• DELKAŠ (2)

    Jean During

    an important modal unit (šāh gūša) linked to the dastgāh Māhūr, constituting one of its four main modulations, perhaps the most important in expressive function, which contrasts strongly with that of Māhūr itself.

  • DELLA VALLE, PIETRO

    John Gurney

    (b. Rome, 11 April 1586, d. Rome, 21 April 1652), one of the most remarkable travelers of the Renaissance, whose Viaggi is the best contemporary account of the lands between Istanbul and Goa in the early 17th century.

  • DELOUGAZ

    Ezat O. Negahban

    (b. Ukraine, 16 July 1901, d. Čoḡā Mīš, Persia, 29 March 1975), archeologist and excavator of the ancient site of Čoḡā Mīš in Persia.

  • DELŠĀD BARNĀ

    Evelin Grassi

    (1800-1905), Tajik educator, historian, and poetess bilingual in Persian and Chaghatay Turkish.

  • DELŠĀD ḴĀTŪN

    Charles Melville

    eldest daughter of the Chobanid Demašq Ḵᵛāja and Tūrsīn Ḵātūn, granddaughter of the Il-khanid sultan Aḥmad Takūdār.

  • DEMARATUS

    RÜDIGER SCHMITT

    king of Sparta (from at least as early as 510 B.C.E.) who took refuge with Darius I.

  • DEMAŠQ ḴᵛĀJA

    Charles Melville

    third son of the amir Čobān, possibly born in 1300, when his father was on campaign in Damascus.

  • DEMETRIUS

    A. D. H. Bivar

    name of two Greco-Bactrian kings.

  • DEMOCEDES

    RÜDIGER SCHMITT

    (Gk. Dēmokḗdēs), Greek physician attached to the court of Darius I and praised as “the most skillful physician of his time” by Herodotus.

  • DEMOCRACY

    Cross-Reference

    See ANJOMAN; CONSTITUTIONAL REVOLUTION i-v; ELECTIONS.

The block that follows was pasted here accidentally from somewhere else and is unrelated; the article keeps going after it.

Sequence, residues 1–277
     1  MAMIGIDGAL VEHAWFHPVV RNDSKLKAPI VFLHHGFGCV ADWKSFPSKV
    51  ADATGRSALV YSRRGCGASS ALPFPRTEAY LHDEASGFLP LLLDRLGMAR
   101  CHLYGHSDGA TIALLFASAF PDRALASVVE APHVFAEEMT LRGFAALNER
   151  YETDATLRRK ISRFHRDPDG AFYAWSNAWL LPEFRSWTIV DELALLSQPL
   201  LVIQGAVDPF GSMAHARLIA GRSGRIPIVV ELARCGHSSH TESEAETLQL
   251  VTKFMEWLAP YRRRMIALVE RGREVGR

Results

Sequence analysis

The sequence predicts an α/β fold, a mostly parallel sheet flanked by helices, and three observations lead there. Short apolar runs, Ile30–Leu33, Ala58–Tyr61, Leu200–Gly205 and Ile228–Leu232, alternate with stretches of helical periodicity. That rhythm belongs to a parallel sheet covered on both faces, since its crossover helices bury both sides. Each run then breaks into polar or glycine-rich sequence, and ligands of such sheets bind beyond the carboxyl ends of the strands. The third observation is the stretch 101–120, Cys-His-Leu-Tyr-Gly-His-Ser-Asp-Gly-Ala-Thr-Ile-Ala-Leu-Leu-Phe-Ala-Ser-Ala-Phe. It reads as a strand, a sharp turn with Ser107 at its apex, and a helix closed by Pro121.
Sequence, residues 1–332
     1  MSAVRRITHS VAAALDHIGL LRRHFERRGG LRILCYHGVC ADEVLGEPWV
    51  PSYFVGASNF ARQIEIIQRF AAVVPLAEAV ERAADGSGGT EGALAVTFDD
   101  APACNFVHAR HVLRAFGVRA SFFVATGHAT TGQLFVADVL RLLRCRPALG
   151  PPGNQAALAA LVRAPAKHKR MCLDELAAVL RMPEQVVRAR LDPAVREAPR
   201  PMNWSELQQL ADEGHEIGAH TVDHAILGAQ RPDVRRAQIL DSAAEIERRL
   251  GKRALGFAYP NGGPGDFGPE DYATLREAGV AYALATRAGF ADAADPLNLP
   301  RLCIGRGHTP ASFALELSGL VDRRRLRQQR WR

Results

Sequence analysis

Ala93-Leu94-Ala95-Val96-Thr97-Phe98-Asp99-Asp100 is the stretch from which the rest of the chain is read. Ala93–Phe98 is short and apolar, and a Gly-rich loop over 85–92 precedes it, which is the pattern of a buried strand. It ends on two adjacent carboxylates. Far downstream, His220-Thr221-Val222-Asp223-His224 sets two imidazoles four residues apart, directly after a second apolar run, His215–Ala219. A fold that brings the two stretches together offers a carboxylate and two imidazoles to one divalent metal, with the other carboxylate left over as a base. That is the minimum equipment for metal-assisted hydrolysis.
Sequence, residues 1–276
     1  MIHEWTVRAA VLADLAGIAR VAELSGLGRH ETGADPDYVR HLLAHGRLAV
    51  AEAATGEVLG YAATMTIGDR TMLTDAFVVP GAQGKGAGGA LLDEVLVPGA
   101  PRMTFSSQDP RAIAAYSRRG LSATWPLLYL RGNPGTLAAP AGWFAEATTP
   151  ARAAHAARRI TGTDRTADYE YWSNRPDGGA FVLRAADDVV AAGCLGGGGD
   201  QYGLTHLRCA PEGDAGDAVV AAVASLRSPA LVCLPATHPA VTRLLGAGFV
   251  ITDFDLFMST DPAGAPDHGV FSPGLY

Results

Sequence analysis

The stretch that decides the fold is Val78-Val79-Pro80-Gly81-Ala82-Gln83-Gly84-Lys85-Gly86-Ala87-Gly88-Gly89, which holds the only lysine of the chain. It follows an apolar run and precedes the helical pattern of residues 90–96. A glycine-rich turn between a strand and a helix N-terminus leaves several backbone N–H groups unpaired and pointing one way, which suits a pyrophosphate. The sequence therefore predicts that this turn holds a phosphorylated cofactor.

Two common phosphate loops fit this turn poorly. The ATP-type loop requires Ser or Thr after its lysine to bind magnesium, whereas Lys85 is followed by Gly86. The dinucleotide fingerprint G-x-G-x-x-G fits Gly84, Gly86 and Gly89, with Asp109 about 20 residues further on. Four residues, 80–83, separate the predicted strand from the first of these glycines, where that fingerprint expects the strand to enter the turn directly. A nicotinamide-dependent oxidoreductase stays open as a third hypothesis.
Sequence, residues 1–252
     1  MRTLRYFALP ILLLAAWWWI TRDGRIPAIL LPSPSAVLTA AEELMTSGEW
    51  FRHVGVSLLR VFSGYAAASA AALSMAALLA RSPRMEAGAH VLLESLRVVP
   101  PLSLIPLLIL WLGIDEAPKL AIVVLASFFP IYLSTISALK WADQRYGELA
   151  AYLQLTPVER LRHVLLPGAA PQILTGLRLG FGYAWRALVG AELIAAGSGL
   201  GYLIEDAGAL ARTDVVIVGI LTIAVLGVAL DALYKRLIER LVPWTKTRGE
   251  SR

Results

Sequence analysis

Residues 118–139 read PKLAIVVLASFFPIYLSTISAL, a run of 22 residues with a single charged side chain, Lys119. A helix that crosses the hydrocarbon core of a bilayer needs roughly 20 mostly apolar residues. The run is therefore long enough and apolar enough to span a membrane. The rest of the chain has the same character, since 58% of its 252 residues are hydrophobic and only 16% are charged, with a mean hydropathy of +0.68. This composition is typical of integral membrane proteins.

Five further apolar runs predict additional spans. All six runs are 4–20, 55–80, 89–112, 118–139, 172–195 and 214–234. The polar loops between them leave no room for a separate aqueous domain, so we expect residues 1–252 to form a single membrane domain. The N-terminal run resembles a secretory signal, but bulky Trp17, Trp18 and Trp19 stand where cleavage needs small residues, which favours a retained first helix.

• DEMOCRAT PARTY

    Cross-Reference

    See CONSTITUTIONAL REVOLUTION v.

  • DEMOGRAPHY

    Bernard Hourcade, Daniel Balland

    , the statistical study of characteristics of human populations. Since World War II Persia, formerly a rural and tribal country dominated by elderly notables and with low population growth, has come to have a majority of young urban dwellers, mostly literate and multiplying rapidly. In 1979, the proportions of urban dwellers and individuals classified as literate both passed the threshold of 50 percent.

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  • DEMOTIC CHRONICLE

    Edda Bresciani

    Egyptian papyrus document of the early 2nd century B.C.E. in which anti-Persian themes, especially focused on Cambyses, Xerxes, and Artaxerxes III, were elaborated in Ptolemaic Egyptian sacerdotal and intellectual surroundings.

  • DEMOTTE ŠĀH-NĀMA

    Priscilla P. Soucek

    illustrated manuscript, now dispersed, of Ferdowsī’s epic poem, often identified by the name of a former owner, the Paris dealer Georges Demotte (active ca. 1900-23). It is generally believed to have been produced for a patron associated with the Il-khanid court and is renowned for the  quality of its paintings.

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  • DĒN

    Mansour Shaki

    theological and metaphysical term with a variety of meanings:  “the sum of man’s spiritual attributes and individuality, vision, inner self, conscience, religion.”